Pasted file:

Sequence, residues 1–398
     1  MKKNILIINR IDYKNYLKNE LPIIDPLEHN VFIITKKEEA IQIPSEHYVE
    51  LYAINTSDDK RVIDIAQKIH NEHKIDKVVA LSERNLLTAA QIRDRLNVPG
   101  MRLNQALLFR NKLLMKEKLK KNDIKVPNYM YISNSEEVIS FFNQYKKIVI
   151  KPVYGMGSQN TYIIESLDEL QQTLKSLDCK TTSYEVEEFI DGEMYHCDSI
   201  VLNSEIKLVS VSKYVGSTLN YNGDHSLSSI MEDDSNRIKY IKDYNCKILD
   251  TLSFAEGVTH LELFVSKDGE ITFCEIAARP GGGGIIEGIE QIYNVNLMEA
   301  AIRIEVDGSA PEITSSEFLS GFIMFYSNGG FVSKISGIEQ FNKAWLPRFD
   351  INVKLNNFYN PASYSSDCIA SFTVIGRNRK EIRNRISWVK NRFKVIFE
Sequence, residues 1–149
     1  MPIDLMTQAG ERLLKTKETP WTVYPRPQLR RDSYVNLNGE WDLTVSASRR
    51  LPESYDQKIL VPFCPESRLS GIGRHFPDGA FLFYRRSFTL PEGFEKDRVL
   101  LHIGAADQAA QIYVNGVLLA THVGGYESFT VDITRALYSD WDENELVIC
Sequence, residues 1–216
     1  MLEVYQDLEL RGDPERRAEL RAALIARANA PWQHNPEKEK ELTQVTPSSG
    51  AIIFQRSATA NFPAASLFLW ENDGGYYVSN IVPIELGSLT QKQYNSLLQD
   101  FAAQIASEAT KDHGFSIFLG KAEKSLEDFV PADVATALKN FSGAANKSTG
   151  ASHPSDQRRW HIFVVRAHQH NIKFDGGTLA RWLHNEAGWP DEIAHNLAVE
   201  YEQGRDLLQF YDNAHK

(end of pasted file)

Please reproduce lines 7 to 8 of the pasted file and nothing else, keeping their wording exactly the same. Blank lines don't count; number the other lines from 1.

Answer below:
   251  TLSFAEGVTH LELFVSKDGE ITFCEIAARP GGGGIIEGIE QIYNVNLMEA
   301  AIRIEVDGSA PEITSSEFLS GFIMFYSNGG FVSKISGIEQ FNKAWLPRFD